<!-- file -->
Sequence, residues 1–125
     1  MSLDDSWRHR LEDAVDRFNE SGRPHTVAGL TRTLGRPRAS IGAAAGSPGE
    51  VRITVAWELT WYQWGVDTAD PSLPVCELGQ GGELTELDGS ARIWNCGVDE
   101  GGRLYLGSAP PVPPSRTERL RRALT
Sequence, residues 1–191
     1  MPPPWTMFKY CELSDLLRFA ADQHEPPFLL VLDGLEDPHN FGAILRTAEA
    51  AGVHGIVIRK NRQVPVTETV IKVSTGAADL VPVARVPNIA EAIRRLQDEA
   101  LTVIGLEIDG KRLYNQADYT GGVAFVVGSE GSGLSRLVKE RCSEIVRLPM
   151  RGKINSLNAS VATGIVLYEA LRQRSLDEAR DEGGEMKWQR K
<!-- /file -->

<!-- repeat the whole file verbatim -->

Sequence, residues 1–125
     1  MSLDDSWRHR LEDAVDRFNE SGRPHTVAGL TRTLGRPRAS IGAAAGSPGE
    51  VRITVAWELT WYQWGVDTAD PSLPVCELGQ GGELTELDGS ARIWNCGVDE
   101  GGRLYLGSAP PVPPSRTERL RRALT
Sequence, residues 1–191
     1  MPPPWTMFKY CELSDLLRFA ADQHEPPFLL VLDGLEDPHN FGAILRTAEA
    51  AGVHGIVIRK NRQVPVTETV IKVSTGAADL VPVARVPNIA EAIRRLQDEA
   101  LTVIGLEIDG KRLYNQADYT GGVAFVVGSE GSGLSRLVKE RCSEIVRLPM
   151  RGKINSLNAS VATGIVLYEA LRQRSLDEAR DEGGEMKWQR K